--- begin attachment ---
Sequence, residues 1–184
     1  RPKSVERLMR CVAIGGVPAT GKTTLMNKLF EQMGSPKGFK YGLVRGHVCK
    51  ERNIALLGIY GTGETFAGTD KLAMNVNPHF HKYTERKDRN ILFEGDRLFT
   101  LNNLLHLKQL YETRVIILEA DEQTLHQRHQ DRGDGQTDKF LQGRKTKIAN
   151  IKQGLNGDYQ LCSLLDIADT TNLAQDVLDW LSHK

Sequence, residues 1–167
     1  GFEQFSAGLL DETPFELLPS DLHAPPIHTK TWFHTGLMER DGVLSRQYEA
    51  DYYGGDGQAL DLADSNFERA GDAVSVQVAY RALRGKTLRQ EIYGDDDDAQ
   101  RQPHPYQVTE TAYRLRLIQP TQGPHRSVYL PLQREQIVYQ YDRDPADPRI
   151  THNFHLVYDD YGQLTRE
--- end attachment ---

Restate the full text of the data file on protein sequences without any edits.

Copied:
Sequence, residues 1–184
     1  RPKSVERLMR CVAIGGVPAT GKTTLMNKLF EQMGSPKGFK YGLVRGHVCK
    51  ERNIALLGIY GTGETFAGTD KLAMNVNPHF HKYTERKDRN ILFEGDRLFT
   101  LNNLLHLKQL YETRVIILEA DEQTLHQRHQ DRGDGQTDKF LQGRKTKIAN
   151  IKQGLNGDYQ LCSLLDIADT TNLAQDVLDW LSHK

Sequence, residues 1–167
     1  GFEQFSAGLL DETPFELLPS DLHAPPIHTK TWFHTGLMER DGVLSRQYEA
    51  DYYGGDGQAL DLADSNFERA GDAVSVQVAY RALRGKTLRQ EIYGDDDDAQ
   101  RQPHPYQVTE TAYRLRLIQP TQGPHRSVYL PLQREQIVYQ YDRDPADPRI
   151  THNFHLVYDD YGQLTRE